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Senate Democrats: More Reasons Than Ever To Adopt Reform Bills

Karen DeWitt

New York Democrats pressing for bills to reform the state’s campaign finance system, say the US Attorney’s investigations into a panel controlled by Governor Andrew Cuomo might help spur action on their measures.

Democrats in the Senate introduced a package of bills that they say would lessen special interest influences in politics and curb some ongoing abuses. In addition to establishing a publicly financed, matching small donor funding system for elections, the bills would also cut off pensions for lawmakers convicted of a felony, and prevent legislators accused of crimes from using their campaign war chests to pay for their legal defense.

Senate Democratic Leader Andrea Stewart-Cousins says the measures are more important than ever in the midst of an ongoing spate of public corruption.

“Unfortunately, more elected officials have been accused of wrongdoing,” said Stewart-Cousins. “And more reports have come out detailing inappropriate practices and violations of the public trust.”  

The proposals come as former Senate Leader Joe Bruno, a Republican, is on trial for a second time on corruption charges, and two former Senate Democratic leaders face charges of embezzlement and bribery. A third Democrat, former Senate President Pedro Espada, is already in prison.

But the Democrats are the minority faction in the Senate. The chamber is ruled by a coalition of GOP Senators and five breakaway Democrats, known as the Independent Democratic conference. The IDC leader Senator Jeff Klein has said passing public campaign finance reform before session ends is a priority for him as well.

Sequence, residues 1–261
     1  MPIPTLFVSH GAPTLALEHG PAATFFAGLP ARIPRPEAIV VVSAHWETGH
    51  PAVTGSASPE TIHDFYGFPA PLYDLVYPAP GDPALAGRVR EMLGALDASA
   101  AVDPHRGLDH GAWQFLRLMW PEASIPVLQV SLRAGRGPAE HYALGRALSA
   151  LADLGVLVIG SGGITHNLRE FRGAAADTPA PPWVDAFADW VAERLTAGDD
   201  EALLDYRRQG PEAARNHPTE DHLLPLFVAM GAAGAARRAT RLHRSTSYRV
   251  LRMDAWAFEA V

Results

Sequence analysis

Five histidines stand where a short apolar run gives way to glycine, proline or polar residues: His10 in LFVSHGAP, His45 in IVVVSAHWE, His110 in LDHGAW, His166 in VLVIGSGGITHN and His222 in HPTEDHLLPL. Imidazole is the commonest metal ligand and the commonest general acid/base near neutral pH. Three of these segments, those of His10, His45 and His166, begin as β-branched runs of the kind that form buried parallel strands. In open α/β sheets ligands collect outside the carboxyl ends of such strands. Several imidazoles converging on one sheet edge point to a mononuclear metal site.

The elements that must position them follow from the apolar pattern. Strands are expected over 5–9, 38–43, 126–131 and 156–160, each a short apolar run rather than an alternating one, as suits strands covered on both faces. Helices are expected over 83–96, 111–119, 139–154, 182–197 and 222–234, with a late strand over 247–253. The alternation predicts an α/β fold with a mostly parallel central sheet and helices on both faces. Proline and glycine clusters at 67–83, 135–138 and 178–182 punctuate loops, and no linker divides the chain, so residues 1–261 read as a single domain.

“Certainly we need to have a public matching system,” Klein said recently. “We need to do more than we did in the budget.”

Klein and Cuomo had sought public finance and other reforms, as part of a budget deal, but in the end settled for a more limited ethics package that would strengthen the regulation of campaign violations and enact stiffer anti-bribery laws. In exchange, Cuomo agreed to disband a Moreland Act Commission, that he’d appointed, that was probing accusations of corruption in the legislature.

Senator Liz Krueger, a sponsor of some of the Senate Democrat’s bills, says the budget deal was far from adequate.

“It was an exercise in snipe hunting,” said Krueger, who said the other lawmakers were only “pretending” that they were enacting reforms.

The Senate Democrats proposals also come as the New York Times reports that US Attorney Preet Bharara has opened a grand jury probe into whether the Cuomo Administration interfered with Moreland Commission investigations, which might have reflected badly on the governor or his major campaign donors.

Stewart-Cousins was asked for her reaction to the news of the grand jury probe by Bharara.

“He’s doing what he needs to do,” Stewart-Cousins said.  

Cuomo formed the Moreland Commission after the 2013 session, when the Senate Leadership Coalition of Republicans and Independent Democrats failed to agree to public campaign financing and other reforms.

Stewart-Cousins says that Cuomo would never have had to create the Moreland Commission in the first place if Senate Democrats had been in power, because they would have approved the reform legislation last year.

Republicans in the Senate shot back, saying that when the Democrats controlled the chamber for two years, they did not pass any of the reform measures that they are now proposing.

Scott Rief, spokesman for Senate GOP Leader Dean Skelos, said , in a statement, "Over the last few years, we've enacted historic ethics reforms that provide greater transparency and more disclosure than has ever before been required, and we're always looking to strengthen existing laws. Instead of passing ethics or campaign finance reforms when they were in the majority, Democrats raised taxes by $14 billion to fuel their expensive and out-of-control patronage mill."

Karen DeWitt is Capitol Bureau chief for New York State Public Radio, a network of public radio stations in New York state. She has covered state government and politics for the network since 1990.
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